The Study

The mice involved in the study were part of NASA’s Biospeciman Sharing Program and were exposed to 15 days of flight on the space shuttle prior to being sacrificed for analysis. Each mouse was radiographed prior to being dissected and having the soft tissues removed. The mice were mounted onto custom mechanical instruments that measured the rate of compressive creep and tissue deformation under a constant load. After five cycles of compressive creep loading and measuring, a displacement controlled stress relaxation test was used to measure the amount of nuclear swelling pressure, then the researchers calculated the change displacement and load response to determine the swelling pressure. All results were then analyzed using the Levonberg-Marquardt algorithm, and creep parameters were analyzed with a non-parametric test. The results of the control (non-flight) and space-flight group were compared for all parameters to determine any statistical differences or similarities.


There was a statistically-significant difference in the caudal discs of the control and spaceflight specimen groups, but there was little difference in the lumbar discs of the two groups. The caudal discs of the spaceflight group were 32 percent shorter and crept 2.5 times more than those in the non-flight subjects. Strain-dependence of the spaceflight group’s swelling pressure was 70 percent lower than that of the non-flight group. This could help to explain the back-pain complaints of astronauts returning to Earth after long spaceflights.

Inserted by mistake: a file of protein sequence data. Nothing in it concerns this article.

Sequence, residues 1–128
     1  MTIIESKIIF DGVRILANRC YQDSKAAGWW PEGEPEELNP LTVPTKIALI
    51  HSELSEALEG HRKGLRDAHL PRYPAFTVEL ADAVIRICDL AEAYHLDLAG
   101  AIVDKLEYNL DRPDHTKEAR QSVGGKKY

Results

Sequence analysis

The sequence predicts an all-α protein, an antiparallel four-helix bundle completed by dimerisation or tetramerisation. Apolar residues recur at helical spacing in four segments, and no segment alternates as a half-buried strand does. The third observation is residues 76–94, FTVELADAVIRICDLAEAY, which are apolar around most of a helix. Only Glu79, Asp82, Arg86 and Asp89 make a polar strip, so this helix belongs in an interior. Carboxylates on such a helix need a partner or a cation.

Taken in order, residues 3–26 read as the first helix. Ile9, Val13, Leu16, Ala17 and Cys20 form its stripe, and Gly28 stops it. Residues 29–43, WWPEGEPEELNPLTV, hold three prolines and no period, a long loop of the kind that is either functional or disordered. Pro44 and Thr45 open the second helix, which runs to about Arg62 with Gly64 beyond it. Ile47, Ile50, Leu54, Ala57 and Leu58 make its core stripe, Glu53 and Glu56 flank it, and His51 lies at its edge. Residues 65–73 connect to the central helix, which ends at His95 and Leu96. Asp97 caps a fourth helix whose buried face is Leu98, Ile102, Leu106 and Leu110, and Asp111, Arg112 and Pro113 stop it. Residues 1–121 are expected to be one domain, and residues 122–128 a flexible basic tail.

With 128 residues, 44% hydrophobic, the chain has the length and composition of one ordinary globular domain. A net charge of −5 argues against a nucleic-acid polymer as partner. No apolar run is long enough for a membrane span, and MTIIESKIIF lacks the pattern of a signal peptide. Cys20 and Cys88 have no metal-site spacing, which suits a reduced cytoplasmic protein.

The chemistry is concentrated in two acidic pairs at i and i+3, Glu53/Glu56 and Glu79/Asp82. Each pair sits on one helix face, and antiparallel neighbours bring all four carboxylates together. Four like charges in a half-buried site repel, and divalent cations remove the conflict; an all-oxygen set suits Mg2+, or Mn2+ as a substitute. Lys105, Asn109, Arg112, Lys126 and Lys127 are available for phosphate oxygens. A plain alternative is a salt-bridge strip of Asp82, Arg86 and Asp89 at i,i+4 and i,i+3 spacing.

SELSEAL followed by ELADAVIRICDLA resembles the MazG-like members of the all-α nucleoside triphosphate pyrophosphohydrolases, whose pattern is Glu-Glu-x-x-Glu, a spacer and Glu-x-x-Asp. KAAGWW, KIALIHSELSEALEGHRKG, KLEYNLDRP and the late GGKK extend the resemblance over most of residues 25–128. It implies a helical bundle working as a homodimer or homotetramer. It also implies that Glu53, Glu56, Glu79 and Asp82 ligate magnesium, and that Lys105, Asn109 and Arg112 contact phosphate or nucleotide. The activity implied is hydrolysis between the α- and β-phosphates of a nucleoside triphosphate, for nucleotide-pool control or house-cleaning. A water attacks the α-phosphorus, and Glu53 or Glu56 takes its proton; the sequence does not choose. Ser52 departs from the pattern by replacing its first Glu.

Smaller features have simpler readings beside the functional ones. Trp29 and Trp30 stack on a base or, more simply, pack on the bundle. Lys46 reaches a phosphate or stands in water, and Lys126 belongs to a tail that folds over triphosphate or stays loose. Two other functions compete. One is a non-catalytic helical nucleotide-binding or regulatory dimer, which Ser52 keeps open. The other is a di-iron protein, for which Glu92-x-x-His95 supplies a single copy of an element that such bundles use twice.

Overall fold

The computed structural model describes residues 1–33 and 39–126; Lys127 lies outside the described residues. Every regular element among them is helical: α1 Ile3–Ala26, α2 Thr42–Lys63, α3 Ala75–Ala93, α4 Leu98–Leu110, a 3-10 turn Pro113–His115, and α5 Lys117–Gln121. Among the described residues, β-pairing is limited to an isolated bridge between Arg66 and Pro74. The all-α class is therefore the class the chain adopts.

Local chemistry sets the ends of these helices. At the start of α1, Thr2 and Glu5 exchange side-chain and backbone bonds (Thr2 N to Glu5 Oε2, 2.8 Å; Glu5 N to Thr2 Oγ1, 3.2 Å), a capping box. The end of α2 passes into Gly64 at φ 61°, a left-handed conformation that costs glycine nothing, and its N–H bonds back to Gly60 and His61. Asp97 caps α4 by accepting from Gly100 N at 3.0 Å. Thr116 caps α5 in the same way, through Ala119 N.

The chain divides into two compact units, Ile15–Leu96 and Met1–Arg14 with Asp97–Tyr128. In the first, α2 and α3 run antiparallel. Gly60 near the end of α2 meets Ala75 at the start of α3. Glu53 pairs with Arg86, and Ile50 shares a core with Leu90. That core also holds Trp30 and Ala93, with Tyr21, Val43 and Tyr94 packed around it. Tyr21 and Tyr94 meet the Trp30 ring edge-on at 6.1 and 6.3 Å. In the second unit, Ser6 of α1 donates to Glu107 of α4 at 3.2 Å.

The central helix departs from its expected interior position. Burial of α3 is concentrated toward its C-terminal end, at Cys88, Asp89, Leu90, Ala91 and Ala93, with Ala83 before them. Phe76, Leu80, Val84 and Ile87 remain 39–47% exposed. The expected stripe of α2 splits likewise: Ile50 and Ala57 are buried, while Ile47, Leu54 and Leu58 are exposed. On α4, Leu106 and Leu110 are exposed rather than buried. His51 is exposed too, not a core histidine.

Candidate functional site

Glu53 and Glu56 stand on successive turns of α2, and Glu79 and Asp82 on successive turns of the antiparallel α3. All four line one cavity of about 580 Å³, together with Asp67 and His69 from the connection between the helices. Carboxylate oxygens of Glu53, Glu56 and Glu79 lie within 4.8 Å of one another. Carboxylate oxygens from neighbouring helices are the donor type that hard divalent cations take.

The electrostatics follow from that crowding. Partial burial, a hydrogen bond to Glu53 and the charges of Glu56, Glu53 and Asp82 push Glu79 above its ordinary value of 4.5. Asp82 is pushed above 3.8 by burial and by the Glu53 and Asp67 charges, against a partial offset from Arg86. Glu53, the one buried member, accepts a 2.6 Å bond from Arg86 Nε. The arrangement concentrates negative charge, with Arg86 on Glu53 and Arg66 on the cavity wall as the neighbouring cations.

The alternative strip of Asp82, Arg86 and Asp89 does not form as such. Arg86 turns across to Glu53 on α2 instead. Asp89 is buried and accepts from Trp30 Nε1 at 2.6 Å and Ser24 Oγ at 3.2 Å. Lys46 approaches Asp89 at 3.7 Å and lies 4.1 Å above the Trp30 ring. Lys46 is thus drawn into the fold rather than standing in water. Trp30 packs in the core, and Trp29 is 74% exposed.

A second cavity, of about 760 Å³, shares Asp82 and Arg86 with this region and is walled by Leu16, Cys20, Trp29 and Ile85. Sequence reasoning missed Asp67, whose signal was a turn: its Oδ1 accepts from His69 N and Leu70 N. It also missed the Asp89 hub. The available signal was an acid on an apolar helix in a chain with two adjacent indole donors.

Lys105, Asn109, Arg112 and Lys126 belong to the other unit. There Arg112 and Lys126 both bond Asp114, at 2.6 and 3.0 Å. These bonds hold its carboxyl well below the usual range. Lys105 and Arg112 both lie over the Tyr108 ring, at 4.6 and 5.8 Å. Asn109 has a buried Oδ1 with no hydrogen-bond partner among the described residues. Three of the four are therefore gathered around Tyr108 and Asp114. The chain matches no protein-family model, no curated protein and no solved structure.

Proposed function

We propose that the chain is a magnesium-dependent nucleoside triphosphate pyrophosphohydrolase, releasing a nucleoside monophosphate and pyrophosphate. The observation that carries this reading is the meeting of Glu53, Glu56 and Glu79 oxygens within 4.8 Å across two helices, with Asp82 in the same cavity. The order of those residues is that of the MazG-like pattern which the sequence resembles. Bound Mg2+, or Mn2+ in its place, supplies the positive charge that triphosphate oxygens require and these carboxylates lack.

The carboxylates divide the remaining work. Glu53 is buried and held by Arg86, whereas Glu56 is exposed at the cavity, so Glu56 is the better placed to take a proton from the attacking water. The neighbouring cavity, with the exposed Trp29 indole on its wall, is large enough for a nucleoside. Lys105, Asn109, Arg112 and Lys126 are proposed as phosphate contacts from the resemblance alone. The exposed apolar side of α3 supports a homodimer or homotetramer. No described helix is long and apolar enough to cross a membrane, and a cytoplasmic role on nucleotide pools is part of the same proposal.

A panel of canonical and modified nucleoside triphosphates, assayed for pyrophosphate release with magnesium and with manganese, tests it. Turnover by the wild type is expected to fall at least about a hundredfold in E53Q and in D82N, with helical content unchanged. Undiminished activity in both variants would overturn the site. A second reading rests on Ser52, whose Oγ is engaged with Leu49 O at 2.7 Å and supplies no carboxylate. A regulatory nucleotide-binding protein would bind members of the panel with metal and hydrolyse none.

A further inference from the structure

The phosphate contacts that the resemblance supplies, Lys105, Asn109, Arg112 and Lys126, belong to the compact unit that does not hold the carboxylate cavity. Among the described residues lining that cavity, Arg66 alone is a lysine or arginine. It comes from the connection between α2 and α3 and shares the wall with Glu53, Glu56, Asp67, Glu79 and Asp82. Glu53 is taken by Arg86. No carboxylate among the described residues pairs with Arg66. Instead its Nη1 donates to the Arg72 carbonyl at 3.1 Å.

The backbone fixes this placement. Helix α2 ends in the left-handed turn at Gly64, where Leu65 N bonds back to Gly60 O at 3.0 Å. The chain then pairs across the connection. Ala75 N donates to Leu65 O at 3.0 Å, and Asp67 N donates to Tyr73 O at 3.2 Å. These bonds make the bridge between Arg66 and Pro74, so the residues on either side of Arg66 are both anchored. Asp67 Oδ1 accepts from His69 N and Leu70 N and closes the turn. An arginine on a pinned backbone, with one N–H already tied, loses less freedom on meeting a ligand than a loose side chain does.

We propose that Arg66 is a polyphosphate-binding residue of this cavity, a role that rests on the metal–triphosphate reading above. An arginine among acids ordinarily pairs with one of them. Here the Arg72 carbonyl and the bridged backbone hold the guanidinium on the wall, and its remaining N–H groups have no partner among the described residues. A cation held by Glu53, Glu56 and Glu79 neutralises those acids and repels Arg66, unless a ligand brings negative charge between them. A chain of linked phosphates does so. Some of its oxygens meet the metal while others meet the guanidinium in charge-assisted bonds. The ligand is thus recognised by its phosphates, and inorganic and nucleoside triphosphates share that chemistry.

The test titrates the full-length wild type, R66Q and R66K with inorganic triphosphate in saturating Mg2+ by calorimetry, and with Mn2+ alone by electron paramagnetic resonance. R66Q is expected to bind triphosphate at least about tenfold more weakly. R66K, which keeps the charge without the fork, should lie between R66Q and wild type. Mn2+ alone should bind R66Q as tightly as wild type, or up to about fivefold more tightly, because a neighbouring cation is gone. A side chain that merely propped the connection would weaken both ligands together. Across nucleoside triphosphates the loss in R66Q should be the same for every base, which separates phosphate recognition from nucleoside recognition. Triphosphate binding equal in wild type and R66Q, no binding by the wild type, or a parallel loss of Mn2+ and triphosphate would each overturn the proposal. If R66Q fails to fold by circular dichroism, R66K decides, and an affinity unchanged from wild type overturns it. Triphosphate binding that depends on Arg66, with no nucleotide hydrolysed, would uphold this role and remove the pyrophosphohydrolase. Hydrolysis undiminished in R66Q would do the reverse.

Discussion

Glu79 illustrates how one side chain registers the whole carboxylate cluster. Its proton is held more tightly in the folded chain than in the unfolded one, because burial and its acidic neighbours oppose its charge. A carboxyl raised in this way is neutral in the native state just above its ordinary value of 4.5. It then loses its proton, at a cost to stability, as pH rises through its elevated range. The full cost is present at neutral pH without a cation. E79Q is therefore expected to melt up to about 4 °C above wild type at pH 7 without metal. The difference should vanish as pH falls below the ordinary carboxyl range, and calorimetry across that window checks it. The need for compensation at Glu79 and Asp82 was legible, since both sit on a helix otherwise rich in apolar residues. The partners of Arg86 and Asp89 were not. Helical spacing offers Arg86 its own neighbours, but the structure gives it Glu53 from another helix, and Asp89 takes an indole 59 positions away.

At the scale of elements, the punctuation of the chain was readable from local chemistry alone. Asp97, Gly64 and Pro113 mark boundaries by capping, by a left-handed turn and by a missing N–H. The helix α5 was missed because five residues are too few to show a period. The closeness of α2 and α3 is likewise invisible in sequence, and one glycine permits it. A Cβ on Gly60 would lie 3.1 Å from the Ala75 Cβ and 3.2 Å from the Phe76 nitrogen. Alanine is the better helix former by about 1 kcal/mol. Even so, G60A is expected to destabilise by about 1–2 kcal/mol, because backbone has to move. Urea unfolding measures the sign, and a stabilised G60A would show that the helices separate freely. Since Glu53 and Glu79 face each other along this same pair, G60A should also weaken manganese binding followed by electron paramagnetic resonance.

The results of this study indicate that the effects of microgravity on the biomechanical properties of intervertebral caudal discs is significant in murine samples. Specifically, there is a diminishing effect in that microgravity appears to lessen disc height, increase the rate of creep, and lower strain-dependence swelling pressure in caudal discs. Though there were no statistically-significant differences between the spaceflight and non-flight study groups at the lumbar disc levels, it is possible that this is because mice are quadrupedal and thus may not have the excess swelling capacity that humans require to counter the daily loading of an upright posture. It is also possible that mice counter loading demands by transferring loads to their tails or adapting their movements during usual and zero-gravity conditions. In any event, the study findings indicate that constraining spinal movements to reduce nucleus swelling during the return to normal gravity conditions could help to lessen the negative effects of microgravity on astronauts on their return to Earth after a lengthy space flight.